The Jacksonville Humane Society (JHS) provides care, comfort and compassion to animals in need while engaging the hearts, hands and minds of our community to bring about an end to the killing of abandoned and orphaned shelter animals. JHS is funded by individual donations, wills and bequests, and money received from shelter service. We do not receive any state or federal funding, nor are we a United Way agency. JHS is a no-kill for space facility and does not euthanize healthy or treatable companion animals in our care.
The Jacksonville Humane Society was established in 1885 as the Society for the Prevention of Cruelty to Animals (SPCA). In 1920, the SPCA was reorganized as the Humane Society, when then Society President, Flora M. (Genth) Bowden and her husband, Richard Fleming Bowden donated 12 acres of land granted in perpetuity solely for the welfare of animals. The first shelter on this property was opened in 1924 as the Humane Society’s Rest Farm. The Society was renamed the Jacksonville Humane Society, Inc. in 1958, and in 1993 a facility addition increased capacity to approximately 400 animals, all on the original 12 acres of land. In October, 2005, the Society made the transition from an open admission shelter to a limited admission, no kill for space center. JHS would no longer euthanize an animal to make room for another.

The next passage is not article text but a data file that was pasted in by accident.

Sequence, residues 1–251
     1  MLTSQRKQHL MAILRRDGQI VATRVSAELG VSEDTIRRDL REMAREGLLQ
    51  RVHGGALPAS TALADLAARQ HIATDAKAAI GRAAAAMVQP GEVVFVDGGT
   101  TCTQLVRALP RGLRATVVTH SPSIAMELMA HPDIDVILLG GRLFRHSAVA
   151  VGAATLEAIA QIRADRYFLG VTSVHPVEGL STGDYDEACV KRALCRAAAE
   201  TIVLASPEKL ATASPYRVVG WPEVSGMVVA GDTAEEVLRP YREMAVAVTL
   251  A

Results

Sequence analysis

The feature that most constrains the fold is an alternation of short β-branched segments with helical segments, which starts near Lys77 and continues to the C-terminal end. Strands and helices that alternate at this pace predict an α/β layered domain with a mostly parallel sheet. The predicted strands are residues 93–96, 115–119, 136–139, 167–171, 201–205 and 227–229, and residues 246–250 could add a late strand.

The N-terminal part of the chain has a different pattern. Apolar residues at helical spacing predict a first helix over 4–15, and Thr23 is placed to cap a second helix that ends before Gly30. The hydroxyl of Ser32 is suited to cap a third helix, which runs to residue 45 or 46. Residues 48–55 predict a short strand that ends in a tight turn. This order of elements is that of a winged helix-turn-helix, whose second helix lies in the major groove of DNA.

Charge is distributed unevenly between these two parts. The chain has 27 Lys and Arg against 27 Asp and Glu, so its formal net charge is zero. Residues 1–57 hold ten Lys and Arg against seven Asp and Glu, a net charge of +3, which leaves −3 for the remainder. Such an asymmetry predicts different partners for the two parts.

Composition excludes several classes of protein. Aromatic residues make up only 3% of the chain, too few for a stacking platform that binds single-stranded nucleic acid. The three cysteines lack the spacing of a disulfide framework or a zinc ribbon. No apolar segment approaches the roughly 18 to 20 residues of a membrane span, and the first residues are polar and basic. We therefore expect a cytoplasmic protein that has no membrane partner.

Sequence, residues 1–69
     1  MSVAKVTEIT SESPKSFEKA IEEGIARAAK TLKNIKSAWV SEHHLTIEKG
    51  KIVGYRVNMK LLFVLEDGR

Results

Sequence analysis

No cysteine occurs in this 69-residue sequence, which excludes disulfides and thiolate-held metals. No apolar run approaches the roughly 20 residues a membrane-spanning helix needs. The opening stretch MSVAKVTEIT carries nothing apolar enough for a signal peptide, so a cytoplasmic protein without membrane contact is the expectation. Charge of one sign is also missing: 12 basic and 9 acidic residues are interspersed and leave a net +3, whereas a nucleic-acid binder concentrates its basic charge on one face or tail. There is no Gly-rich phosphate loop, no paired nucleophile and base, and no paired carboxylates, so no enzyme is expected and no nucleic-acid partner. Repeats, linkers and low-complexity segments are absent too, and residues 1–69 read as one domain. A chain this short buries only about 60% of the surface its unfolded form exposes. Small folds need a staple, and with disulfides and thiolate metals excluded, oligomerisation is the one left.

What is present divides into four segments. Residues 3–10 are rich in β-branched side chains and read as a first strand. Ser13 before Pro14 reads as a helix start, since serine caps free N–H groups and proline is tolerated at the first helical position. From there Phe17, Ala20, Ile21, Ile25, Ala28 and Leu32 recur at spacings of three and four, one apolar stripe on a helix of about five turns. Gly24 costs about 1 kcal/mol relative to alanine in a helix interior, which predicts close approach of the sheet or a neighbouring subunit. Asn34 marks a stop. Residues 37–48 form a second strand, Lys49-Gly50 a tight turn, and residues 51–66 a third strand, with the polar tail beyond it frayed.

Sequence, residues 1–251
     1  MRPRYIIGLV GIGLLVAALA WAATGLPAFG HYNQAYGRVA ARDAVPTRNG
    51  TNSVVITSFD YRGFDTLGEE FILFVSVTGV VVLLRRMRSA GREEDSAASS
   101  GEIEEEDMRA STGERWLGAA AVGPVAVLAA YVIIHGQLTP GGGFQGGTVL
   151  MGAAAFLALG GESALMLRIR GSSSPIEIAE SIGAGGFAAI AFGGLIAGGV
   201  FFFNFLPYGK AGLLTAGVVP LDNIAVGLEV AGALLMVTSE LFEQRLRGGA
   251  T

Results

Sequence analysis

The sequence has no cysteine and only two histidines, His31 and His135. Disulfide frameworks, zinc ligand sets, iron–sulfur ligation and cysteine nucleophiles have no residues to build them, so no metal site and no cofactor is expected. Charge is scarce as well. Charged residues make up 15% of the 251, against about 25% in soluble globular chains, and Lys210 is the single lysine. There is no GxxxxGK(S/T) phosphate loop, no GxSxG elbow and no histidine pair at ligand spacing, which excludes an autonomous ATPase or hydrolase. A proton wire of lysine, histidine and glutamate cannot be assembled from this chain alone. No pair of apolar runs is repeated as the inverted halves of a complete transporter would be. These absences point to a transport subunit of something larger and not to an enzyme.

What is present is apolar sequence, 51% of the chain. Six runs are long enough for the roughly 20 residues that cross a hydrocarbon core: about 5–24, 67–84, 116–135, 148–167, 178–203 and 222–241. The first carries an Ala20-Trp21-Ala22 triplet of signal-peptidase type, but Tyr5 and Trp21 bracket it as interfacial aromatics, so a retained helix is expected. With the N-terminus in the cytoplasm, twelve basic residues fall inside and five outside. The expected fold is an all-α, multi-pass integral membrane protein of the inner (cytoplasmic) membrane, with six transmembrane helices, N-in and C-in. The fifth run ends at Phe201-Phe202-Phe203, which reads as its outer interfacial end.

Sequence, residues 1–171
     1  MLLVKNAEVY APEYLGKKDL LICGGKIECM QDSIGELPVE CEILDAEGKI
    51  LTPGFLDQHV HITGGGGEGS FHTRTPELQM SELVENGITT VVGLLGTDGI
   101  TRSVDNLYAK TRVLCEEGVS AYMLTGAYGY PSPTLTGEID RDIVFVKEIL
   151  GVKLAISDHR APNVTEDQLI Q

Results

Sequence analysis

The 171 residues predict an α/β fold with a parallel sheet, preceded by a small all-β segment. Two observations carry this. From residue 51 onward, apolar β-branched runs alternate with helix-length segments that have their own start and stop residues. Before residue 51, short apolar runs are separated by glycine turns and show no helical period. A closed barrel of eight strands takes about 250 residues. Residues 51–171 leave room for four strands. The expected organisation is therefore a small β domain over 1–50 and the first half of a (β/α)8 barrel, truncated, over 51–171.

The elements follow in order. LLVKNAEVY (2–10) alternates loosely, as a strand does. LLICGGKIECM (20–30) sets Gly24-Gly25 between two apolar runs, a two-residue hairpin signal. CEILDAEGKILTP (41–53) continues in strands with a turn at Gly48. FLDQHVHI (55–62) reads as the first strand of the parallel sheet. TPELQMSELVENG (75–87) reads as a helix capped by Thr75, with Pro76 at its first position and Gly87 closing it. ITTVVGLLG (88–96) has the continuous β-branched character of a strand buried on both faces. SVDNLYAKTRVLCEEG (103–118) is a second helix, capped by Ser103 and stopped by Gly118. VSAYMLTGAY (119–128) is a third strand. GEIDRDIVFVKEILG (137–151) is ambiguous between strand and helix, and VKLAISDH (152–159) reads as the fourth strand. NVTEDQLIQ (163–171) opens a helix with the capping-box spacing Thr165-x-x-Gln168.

The 2007 Fire
In the early morning hours of April 7, 2007, fire ripped through the Jacksonville Humane Society’s facilities on Beach Boulevard. With more than 150 animals inside, firefighters from Jacksonville Fire-Rescue Station 28 valiantly battled 30- to 40-foot flames in an effort to reach them. Going cage by cage, the firefighters forged through the blaze pulling frightened dogs and cats from the building.
In the end, the fire claimed the lives of 19 dogs and 67 cats—but miraculously, more than 80 pets were rescued. Four of the brave firefighters from Station 28 were hurt that day, one of them with severe injuries.
Thanks to the quick help of volunteers, staff members and the public, the Society was able to start accepting animals again within a week of the tragedy. Over the next few months, temporary modular housing and administrative areas were established, and the Society was once again fully operational with the capacity to care for approximately 400 animals at any given time.
All of the animals that survived the fire have been adopted, many into the homes of emergency workers who helped fight the fire. One dog was even adopted by the firefighters of Jacksonville Fire-Rescue Station 28. “Lucky” lives in the fire station and rides to the vet and pet store in the fire truck.
The cause of the fire was never determined, but in the wake of the tragedy, the Jacksonville Humane Society has challenged the Jacksonville community to help build a new, state-of-the-art facility on the Beach Boulevard campus. The organization has begun a major fundraising effort to raise the funds needed to build a new adoption and animal education center.